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Thursday, August 21, 2014

Don't You Think She Looks Tired..?

     In 2006, for the first time in decades, The Doctor toppled a government on television, bringing Prime Minister Harriet Jones's Golden Age to an end by whispering six words into the ear of her aide. The six words “Don't you think she looks tired?” A moment symbolic of any small act that creates a crack in the foundation of a much larger idea. Why am I bringing this up? I promise, it has relevance. 

     Now before we get too far, I should acknowledge and admit something. I don't talk personal politics often. I feel I probably should, as I have friends that range from far Left to far Right, liberal libertarians to conservative republicans to socialist democrats. I play my own political hand close to the chest, though, most of the time. In my younger, more extreme days, I was an old-school pinko lefty. For years I pretty much identified as communist, and spent a great deal of time hurling not-well-thought-out insults at the far Right. I've railed against bigots and religious zealots, and thrown things at corrupt politicians. I've flirted with charges of disrupting the peace and inciting riot. And I did most of this in the American Deep South. In retrospect, I consider myself lucky I haven't been disappeared down a dirt road or swampy hollow. I've mellowed in my days, though, learning the hard lesson that you can indeed have friends that hold differing political views (something I feel a great many need to learn), but this is the reason I am so dead-set against Social Justice (capital S, capital J) activists and their antics these days. Those causes I fought for, and still believe in, are causes that they're doing more harm than good to. Causes that I was fighting for before they were co-opted by people with louder, less rational voices.

     Modern Social Justice is the squat-house built on the shaky foundation of Third-Wave Academic Feminism. And don't get me wrong, I'm not against the good that Feminism has done for the world. The first wave, with its women's suffrage (even if they really were only fighting for white women – one battle at a time, I suppose), voting rights and property ownership, and the second-wave with its sexual liberties, workplace equality, and other noble goals really made some positive change, even if we have to ignore some of Solanises and Dworkins that these eras might have spawned. Third-Wave Academic Feminism, though it started strong by addressing and bringing attention to important subjects like rape laws, domestic violence, and childcare, has since had no such clear goal, and therefore has floundered a bit in the modern day, lashing out at whatever it can reach. This lack of focus may have been what spawned the Social Justice (again, capital S, capital J) trends of the last decade or so. Identity politics mixed with cultural Marxism, but completely disregarding class struggle in favor of branding entire groups of people oppressor and oppressed without consulting them first.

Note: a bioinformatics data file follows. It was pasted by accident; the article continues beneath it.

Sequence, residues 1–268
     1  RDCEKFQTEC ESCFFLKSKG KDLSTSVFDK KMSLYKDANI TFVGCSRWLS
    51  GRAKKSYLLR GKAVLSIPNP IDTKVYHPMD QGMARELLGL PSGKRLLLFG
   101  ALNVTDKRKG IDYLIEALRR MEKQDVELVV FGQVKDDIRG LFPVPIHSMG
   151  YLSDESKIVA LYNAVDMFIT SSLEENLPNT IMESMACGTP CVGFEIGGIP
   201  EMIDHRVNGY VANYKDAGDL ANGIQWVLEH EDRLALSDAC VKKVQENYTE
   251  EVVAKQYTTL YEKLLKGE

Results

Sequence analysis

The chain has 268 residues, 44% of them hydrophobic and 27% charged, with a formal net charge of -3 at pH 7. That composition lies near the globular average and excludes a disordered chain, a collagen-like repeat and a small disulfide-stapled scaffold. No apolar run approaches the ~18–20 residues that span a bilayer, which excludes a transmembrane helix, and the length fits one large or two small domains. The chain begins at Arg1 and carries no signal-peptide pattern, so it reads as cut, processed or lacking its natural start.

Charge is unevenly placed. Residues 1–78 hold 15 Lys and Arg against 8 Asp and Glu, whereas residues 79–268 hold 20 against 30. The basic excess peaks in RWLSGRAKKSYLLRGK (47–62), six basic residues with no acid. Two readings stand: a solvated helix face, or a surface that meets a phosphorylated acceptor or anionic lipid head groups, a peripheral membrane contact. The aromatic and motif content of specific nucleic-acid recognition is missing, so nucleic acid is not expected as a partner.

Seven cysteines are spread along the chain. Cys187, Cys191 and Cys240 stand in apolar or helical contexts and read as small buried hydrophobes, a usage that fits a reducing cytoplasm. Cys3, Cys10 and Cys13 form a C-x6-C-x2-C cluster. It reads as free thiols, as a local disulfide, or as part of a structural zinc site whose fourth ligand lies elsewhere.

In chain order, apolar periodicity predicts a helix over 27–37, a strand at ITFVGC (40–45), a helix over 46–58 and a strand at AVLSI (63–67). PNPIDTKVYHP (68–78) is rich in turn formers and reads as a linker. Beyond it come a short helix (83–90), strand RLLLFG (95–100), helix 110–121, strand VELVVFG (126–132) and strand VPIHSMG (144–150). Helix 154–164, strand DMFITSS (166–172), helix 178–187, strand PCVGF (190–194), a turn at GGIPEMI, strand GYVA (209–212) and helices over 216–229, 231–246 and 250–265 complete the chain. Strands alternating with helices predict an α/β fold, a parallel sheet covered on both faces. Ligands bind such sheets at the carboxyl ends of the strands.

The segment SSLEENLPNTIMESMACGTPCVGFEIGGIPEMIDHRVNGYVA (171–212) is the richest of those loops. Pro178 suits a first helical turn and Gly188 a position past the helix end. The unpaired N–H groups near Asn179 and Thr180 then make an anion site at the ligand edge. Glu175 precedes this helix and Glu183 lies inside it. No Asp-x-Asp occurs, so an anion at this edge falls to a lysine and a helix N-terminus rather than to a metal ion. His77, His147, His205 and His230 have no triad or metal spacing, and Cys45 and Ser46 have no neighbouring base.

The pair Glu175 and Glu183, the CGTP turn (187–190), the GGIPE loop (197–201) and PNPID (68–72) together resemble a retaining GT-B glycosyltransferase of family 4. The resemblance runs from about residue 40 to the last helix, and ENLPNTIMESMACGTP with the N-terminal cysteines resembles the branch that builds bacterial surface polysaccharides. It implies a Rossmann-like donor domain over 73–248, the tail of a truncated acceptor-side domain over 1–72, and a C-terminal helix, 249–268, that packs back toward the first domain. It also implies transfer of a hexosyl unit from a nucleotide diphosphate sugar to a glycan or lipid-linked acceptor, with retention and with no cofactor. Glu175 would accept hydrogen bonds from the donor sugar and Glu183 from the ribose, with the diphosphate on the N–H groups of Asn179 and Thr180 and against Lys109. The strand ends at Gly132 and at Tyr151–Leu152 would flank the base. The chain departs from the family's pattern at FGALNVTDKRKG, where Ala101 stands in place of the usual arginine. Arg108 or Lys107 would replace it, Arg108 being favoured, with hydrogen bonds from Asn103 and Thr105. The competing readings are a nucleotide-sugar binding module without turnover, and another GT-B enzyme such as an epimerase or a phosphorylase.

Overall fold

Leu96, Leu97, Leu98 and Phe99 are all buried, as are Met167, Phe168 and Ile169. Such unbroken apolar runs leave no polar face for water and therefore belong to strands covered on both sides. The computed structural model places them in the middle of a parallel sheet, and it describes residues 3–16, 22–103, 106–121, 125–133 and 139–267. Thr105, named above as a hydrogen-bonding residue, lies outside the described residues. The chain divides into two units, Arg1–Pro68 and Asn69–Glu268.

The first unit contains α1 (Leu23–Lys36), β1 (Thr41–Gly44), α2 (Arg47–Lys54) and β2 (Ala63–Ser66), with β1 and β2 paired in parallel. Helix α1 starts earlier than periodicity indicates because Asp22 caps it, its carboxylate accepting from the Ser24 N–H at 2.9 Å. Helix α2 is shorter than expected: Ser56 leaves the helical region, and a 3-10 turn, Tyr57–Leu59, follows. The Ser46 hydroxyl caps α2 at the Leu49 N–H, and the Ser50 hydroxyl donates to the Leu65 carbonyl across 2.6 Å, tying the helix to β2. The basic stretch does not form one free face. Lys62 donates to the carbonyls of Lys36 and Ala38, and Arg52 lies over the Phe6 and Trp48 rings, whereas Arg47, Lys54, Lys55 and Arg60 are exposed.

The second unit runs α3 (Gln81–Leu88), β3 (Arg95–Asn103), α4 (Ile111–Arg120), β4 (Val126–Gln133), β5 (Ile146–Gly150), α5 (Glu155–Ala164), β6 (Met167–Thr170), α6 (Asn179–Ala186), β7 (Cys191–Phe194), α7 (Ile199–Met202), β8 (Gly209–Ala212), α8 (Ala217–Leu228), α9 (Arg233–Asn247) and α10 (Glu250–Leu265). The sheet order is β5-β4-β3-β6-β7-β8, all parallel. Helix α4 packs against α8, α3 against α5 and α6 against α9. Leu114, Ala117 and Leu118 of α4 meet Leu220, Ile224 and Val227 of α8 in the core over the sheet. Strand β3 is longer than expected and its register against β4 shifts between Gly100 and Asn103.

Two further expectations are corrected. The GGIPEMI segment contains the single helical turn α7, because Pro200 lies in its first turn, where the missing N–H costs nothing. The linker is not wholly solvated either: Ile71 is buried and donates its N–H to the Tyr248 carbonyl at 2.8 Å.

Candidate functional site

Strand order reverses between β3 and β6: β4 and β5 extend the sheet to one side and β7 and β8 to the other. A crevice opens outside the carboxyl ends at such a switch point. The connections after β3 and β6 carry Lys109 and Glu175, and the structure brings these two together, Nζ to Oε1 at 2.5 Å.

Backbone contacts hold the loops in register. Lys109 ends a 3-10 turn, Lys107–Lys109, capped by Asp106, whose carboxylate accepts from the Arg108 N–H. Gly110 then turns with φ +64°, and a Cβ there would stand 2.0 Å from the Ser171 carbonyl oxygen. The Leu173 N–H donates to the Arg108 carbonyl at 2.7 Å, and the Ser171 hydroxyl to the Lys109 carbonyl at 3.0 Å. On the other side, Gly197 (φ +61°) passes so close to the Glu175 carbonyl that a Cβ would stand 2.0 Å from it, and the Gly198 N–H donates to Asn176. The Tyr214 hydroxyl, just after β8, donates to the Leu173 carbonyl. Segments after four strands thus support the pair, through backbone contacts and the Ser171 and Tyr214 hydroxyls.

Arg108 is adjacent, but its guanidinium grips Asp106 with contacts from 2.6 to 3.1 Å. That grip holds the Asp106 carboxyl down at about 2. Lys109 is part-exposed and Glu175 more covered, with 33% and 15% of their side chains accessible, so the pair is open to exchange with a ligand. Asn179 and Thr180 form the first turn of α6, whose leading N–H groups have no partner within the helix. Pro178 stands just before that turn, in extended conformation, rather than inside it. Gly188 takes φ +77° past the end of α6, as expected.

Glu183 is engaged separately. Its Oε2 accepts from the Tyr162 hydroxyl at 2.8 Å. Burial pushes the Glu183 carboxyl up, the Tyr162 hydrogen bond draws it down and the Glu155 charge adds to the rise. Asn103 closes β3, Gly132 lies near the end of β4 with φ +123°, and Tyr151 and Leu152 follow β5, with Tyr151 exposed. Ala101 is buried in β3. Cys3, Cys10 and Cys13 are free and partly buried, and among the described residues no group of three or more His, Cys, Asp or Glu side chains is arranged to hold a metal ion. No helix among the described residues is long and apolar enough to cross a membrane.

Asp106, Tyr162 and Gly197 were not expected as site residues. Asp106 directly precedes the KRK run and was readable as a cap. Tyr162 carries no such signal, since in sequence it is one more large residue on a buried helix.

So why I'm bringing all of this up right now is that recently a hashtag and picture campaign called #WomenAgainstFeminism has sprung up, a sort of reaction to negative stereotypes (justified or otherwise) of modern Feminism. This has, of course, also had a knee-jerk reaction of criticism from feminist sources ranging from the standard “oh you just don't understand feminism” to the absurd “these women are simply puppets of men.” The latter I find especially entertaining and appalling, as it's basically stripping women of their agency to disagree, something that any first- or second-waver would find detestable, I'm sure. In fact, the barrage from either side has gotten loud enough that major news outlets have gotten wind, and in their typically expected modern sensationalist manner, have started asking the question “Do we even still need Feminism?” I remember a CNN segment where a female presenter brought on two other female journalists, and asked the question. The first agreed with the presenter that absolutely it was, but the second one's started with “Weeelll....” to the abject horror of the presenter and other journalist.


     Whether we do or not, it's six little words that attacked the foundation that the Social Justice Warriors have built their flophouse on. If, as a culture, the sacred cow (no insult intended there) that Feminism is has started to be publicly doubted, perhaps identity politics as a whole will start to shake apart. While I hope none of the good works are undone, I can only hope that we can move into a period where open discussion is once again encouraged over shutting people's voices out because of the circumstances of their birth, whatever those circumstances may be, by shouting the word privilege at them, or blaming all the troubles in the world on an ethereal, ill-defined conspiratorial organization that may as well be the Illuminati. There's been entirely too many people of late that feel they can enact positive social change by tweeting obscenities or writing an angry blog-post shaming someone for an accidental slip of the tongue, and not enough attention paid to people pushing for actual change.

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